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Article summary:

1. The Spinning Snake illusion is not caused by stress, but rather a result of the brain processing different brightness and colors at different speeds.

2. The direction in which the spinning dancer appears to rotate has nothing to do with the viewer's stress or IQ, but rather a fundamental problem of vision known as the "inverse optic problem of optics."

3. Dynamic optical illusions are just a product of the brain, and their exact mechanism is still unknown.

Article analysis:

The article discusses the Spinning Snake illusion and other optical illusions, providing some scientific explanations for them. However, there are some potential biases and missing points of consideration in the article.

Firstly, the article mentions that the Spinning Snake illusion is not caused by stress or pressure, but rather by the brain processing different brightness and colors at different speeds. While this may be true, it is important to note that there are still many unknowns about how the brain processes visual information and creates illusions. Therefore, it is possible that stress or other factors could also play a role in the perception of this illusion.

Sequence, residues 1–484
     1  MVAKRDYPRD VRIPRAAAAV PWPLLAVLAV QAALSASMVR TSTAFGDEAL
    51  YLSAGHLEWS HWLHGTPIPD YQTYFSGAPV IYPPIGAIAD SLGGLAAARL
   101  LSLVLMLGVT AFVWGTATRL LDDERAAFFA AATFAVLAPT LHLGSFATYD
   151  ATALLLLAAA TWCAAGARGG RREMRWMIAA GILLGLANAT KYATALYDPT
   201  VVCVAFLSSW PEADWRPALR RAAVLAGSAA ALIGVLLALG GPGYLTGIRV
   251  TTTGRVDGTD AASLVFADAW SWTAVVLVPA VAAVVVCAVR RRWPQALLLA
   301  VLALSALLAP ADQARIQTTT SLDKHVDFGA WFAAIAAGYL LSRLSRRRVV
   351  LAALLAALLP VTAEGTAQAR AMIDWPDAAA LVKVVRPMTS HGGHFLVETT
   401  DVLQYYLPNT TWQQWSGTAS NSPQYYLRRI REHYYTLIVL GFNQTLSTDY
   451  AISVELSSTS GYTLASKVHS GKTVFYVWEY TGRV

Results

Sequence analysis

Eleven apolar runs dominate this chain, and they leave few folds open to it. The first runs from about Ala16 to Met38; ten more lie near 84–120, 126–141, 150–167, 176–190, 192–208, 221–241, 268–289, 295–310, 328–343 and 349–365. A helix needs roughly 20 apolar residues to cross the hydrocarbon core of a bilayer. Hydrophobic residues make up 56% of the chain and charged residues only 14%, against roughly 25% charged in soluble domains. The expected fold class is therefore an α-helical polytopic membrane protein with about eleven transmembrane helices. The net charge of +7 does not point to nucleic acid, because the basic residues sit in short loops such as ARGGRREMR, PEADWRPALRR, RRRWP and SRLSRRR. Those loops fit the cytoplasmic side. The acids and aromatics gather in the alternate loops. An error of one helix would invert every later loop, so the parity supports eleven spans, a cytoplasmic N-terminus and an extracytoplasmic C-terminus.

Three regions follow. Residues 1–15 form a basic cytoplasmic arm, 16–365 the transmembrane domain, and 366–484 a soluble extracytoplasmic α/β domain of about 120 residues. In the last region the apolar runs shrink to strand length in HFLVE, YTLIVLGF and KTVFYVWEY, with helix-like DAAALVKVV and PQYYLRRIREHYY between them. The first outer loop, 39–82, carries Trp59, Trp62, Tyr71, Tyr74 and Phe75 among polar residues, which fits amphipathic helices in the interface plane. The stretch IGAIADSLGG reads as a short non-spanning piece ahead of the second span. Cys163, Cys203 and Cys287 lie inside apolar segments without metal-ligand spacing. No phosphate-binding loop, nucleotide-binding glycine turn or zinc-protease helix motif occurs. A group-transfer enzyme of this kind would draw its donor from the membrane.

Secondly, the article presents only one explanation for each illusion discussed, without exploring alternative theories or counterarguments. For example, while the author suggests that afterimages may be responsible for the disappearing pattern illusion, there could be other factors at play as well.

Additionally, the article includes promotional content for Akiyoshi Kitaoka's website without providing any critical analysis of his work or potential biases. This could lead readers to assume that his explanations are definitive and unbiased when they may not be.

Overall, while the article provides some interesting insights into optical illusions and their potential causes, it would benefit from a more balanced presentation of different theories and perspectives.